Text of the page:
By Laura McAlister
Tammy Heinss took one look out the huge kitchen windows of the 2011 Decorators’ ShowHouse and knew exactly what the room’s theme should be.
“Well, you see this three-hole golf course out the window, and it just reminded me of the Scottish Highlands,” said the Lasso the Moon Interiors decorator. “I thought, how appropriate. It’s where golf originated.”
The late Thomas A. Jernigan likely would have found it appropriate, too. He loved golf so much, he had the course built in his backyard, and he was known to travel the world playing the game.
He was also known to enjoy leisurely mornings sitting in the breakfast room while a chef prepared gourmet meals in the kitchen using state-of-the art equipment.
Heinss and fellow decorator Lisa Freeman with Southern Flair Designs decorated the kitchen and breakfast room of the Jernigan residence for this year’s ShowHouse. With their “Highland Manor” theme, the two used colors common to the Scottish Highlands – rich blues, yellows, greens and reds – and mixed them with both rustic and modern pieces. And true to their design style, many items in the room are custom made.
The kitchen was basically a blank slate for the designers, with dark cabinets and granite countertops. It’s one of the larger rooms in the residence, so large that there was room for an 8×11 rug in the entryway. That’s one of Lisa’s favorite pieces in the room. The rug incorporates the rich blues, reds and greens the designers used throughout the space.
“I just love how you can stand over here and it looks lighter, and you stand over there, and it’s darker,” Lisa said. “This is really one of my favorites. I think it really wants to come home with me.”
As for Tammy, her favorite piece is a toss-up between the Fallow Deer antler chandelier that hangs over the breakfast table and the custom-made wooden sign hanging above the stove.
The Fallow Deer is an animal that’s common to Europe and fit with the Scottish Highlands theme of the room, as does the plaque, which bears a common Irish phrase meaning “a feast is no use without good talk.”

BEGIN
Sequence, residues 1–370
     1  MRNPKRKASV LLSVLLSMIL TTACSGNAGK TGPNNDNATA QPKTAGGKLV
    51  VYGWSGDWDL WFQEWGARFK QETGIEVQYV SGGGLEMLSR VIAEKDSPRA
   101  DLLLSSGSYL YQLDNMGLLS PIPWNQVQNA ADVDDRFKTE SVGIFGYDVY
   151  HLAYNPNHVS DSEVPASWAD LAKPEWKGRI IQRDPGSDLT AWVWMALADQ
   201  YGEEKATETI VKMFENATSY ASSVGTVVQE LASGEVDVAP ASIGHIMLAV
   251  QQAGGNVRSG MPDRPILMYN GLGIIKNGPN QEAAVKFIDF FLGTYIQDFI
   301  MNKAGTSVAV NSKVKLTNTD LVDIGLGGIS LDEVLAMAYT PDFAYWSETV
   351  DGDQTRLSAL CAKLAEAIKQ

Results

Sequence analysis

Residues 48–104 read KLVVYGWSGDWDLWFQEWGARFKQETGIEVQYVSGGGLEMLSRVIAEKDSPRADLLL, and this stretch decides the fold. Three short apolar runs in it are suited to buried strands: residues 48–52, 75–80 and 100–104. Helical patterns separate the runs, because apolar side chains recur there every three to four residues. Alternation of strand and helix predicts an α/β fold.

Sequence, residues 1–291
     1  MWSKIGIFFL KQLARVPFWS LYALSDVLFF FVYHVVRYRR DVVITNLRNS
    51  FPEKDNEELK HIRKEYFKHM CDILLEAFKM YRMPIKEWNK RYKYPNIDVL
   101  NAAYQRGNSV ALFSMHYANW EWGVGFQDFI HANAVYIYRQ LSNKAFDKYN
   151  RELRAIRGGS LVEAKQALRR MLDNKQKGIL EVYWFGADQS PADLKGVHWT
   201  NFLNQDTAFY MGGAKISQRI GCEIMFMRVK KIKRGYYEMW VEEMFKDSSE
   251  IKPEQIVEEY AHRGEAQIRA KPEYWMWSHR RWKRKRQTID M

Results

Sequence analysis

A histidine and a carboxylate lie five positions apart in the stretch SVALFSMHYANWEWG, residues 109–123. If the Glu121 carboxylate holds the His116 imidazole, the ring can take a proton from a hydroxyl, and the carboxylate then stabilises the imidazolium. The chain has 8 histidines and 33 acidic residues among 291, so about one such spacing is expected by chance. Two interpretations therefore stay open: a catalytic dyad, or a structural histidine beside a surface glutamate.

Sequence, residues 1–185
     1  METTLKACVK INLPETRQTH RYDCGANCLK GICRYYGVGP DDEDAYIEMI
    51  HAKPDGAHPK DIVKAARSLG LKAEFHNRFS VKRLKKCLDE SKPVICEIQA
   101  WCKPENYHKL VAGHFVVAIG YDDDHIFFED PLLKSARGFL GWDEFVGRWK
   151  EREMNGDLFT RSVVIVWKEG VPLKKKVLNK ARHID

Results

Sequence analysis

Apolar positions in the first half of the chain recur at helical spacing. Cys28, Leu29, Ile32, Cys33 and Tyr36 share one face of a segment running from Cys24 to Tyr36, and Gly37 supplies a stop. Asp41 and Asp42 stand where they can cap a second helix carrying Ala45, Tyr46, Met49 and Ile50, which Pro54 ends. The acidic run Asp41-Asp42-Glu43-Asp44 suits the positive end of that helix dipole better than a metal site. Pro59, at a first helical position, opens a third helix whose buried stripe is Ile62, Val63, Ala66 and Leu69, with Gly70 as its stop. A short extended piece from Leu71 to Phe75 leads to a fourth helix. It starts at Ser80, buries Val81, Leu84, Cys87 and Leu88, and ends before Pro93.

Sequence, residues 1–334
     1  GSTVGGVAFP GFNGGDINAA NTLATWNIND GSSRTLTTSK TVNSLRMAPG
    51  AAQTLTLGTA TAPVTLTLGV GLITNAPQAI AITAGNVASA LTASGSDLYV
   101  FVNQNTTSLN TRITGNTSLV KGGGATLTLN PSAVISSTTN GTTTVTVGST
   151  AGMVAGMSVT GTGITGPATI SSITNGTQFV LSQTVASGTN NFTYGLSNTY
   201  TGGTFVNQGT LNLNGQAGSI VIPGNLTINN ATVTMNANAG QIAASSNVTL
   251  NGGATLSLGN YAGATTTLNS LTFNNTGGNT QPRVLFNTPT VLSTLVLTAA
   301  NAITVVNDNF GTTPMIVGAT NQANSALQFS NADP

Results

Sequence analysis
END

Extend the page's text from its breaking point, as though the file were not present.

“The sign is nothing all that fabulous, but it really ties in the theme. Then seeing the deer over there,” Tammy said, motioning to the breakfast table, “it’s just so European, and it’s used it a different way. It’s not mounted to the wall or anything like that.”
Tammy and Lisa brought in modern art to mix with the more rustic pieces. Abstract paintings, again with the Highlands coloring, cover the walls, and Lisa found a glass gallery in Pelham, Dixon-Ballog, whose pieces will be displayed in the kitchen’s built-in display case.
For the actual dining space, the pair chose a round table and paired a custom-made banquette with side chairs for seating. The 60-inch table is topped with a custom-made patterned burlap tablecloth that again incorporates the rich Highlands colors.
While Lisa and Tammy both said it was a challenge to fill the large kitchen and breakfast room, both agreed the hardest part was the windows.
“We had no window treatments,” Tammy said. “And there are just so many windows in this room.”
In addition to the sheer amount of window space, the designers also were challenged with the fact that the heights of the adjacent windows weren’t even. Thanks to Lisa, they were able to fix the problem while complementing the space and not inhibiting the views of the golf course.
Using plastic mesh and poppy-colored silk, Lisa created valances wide enough to conceal the different heights of the windows. She covered the mesh in a faux finish, giving it a metallic look.
The designers added earthy colored beads to the valances to soften the look. The same poppy-colored silk fabric was used for the curtains.
In the end, the decorators said, the draperies added a bit of elegance to the rustic pieces of the room, which is how the pair imagined their Highlands Manor.